“While losing Istanbul would be a nuclear defeat for Erdoğan,” said Soner Çagaptay, director of the Turkish Research Program at the Washington Institute for Near East Policy, “losing Ankara, which is shorthand for political power and government, is a pretty significant loss”.

In addition, the opposition bloc won several big cities that had traditionally voted for Erdoğan’s AKP. With Sunday’s results, the entire Turkish coastline of the Aegean and Mediterranean seas — as well as the capital, Ankara, some major cities in Central Anatolia, the entire Thrace region and two provinces in northeastern Turkey — went to the opposition. The predominantly Kurdish southeast was, as always, divided between the pro-Kurdish People’s Democracy Party and AKP.

What do the election results mean for Turkey and Erdoğan? A few observations:

Allegations about Erdoğan’s/AKP’s vote-rigging have never been unconvincing, but the magnitude was hard to prove. It was anyone’s guess: from 1% to 10%. This author has been on the lower end of the wide spectrum. The election results in Istanbul, now disputed by the AKP, put the opposition candidate into the lead by a margin of 23,000 votes in a city with 10.5 million voters.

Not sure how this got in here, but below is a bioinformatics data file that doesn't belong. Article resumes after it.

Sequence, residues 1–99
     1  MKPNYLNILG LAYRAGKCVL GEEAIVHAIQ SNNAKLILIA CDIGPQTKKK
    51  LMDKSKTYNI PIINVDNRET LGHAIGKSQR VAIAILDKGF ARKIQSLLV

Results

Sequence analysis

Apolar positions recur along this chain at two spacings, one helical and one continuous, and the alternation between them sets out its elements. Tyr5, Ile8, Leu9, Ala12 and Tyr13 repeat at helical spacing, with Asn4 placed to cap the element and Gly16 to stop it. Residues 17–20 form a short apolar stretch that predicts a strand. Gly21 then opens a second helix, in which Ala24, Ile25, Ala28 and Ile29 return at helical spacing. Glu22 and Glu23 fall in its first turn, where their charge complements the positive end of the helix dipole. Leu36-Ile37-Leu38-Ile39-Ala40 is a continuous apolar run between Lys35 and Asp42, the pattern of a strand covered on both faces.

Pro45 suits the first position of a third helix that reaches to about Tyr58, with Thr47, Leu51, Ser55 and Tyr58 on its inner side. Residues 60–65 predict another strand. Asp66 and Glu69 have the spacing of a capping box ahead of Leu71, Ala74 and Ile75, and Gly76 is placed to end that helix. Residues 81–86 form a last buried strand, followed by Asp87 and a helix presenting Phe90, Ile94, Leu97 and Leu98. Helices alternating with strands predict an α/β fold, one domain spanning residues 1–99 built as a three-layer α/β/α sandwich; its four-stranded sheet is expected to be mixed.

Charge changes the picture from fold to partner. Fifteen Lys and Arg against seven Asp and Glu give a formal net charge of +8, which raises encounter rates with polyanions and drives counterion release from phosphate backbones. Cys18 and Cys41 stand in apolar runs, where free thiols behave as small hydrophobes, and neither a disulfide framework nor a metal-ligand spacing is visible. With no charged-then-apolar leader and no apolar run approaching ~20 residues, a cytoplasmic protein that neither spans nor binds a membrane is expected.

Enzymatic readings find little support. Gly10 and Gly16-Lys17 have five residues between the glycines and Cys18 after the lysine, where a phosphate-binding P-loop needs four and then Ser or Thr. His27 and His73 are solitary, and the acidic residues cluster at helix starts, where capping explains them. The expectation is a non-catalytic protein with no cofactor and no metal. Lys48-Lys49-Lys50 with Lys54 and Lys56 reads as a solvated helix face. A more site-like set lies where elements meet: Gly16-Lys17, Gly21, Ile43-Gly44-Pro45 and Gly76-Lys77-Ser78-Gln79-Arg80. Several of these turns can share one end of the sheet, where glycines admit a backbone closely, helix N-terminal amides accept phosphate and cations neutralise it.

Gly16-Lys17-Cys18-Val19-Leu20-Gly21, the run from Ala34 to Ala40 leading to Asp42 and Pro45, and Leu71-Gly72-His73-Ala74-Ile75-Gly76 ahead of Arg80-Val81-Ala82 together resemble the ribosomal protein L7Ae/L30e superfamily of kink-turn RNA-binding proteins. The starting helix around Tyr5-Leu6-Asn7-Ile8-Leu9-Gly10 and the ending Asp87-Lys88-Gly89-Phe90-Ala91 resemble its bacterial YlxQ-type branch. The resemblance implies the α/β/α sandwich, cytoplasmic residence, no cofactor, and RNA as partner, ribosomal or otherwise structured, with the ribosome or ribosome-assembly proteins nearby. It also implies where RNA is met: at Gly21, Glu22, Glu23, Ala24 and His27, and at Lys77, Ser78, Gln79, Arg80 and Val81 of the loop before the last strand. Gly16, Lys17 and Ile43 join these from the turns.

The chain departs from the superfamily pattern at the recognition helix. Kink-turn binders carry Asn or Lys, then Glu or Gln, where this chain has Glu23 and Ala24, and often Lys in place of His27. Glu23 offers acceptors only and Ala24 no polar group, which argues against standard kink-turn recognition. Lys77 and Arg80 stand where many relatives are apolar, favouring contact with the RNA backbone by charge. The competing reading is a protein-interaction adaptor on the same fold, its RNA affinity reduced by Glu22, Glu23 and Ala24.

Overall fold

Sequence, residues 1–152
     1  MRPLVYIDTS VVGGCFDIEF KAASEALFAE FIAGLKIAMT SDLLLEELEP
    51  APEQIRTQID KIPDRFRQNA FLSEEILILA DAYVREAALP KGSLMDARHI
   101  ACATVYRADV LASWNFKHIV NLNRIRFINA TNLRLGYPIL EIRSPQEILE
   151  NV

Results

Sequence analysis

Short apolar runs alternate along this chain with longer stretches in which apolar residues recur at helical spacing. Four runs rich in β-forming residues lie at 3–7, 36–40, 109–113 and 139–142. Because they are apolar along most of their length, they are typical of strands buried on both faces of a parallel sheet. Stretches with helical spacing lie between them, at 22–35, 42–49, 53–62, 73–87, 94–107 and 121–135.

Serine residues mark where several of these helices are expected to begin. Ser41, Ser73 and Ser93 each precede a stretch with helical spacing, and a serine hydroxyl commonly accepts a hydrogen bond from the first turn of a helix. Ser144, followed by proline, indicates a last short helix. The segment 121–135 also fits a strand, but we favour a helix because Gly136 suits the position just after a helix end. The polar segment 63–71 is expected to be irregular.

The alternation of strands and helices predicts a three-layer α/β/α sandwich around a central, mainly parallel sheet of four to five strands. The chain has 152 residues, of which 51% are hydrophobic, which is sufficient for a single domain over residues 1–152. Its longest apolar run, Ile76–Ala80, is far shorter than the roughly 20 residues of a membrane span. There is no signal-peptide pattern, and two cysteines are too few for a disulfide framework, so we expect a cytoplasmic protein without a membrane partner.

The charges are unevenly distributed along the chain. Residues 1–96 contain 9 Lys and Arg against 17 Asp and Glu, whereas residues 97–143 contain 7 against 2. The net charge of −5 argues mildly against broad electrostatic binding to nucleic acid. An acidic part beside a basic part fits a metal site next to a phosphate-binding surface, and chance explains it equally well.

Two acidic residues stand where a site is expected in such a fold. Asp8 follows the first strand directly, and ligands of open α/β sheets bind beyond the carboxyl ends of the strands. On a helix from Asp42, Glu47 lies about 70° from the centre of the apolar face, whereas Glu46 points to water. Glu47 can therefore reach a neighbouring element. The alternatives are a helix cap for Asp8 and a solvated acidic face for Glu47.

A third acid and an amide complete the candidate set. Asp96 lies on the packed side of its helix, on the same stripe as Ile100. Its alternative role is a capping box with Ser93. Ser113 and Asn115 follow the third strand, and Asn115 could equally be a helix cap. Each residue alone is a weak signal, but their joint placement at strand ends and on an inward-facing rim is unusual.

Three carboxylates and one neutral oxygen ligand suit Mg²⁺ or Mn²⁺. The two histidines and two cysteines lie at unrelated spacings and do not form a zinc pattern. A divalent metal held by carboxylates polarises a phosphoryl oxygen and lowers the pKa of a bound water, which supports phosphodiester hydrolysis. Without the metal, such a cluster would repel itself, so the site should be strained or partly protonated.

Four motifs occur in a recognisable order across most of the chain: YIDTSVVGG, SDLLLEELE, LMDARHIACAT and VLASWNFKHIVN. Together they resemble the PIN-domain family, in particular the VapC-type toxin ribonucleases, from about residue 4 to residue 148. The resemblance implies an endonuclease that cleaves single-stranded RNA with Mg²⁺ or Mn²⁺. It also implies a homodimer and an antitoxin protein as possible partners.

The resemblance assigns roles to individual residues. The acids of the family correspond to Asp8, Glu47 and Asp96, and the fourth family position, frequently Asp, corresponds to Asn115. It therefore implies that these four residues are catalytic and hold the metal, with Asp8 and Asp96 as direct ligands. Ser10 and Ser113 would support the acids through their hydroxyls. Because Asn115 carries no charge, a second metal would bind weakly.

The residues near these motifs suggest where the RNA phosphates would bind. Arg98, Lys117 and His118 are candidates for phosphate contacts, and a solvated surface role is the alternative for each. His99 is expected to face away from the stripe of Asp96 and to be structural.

It was the economy, not politics, that caused the average Turk, otherwise a staunch supporter of Erdoğan, to feel bitter about the government. In 2018, the Turkish lira hit record-low levels against major Western currencies; the unemployment rate hit a nine-year-high; inflation spiked, and the economy shrank by 2.4% in the last quarter of the year and 1.6% in the third quarter. Jesse Colombo of Forbes wrote:

“Though Turkey’s government and many commentators are blaming the Trump administration and foreign speculators for the country’s economic downturn, the reality is that it was already ‘baked into the cake’ many years ago due to the credit bubble that formed”.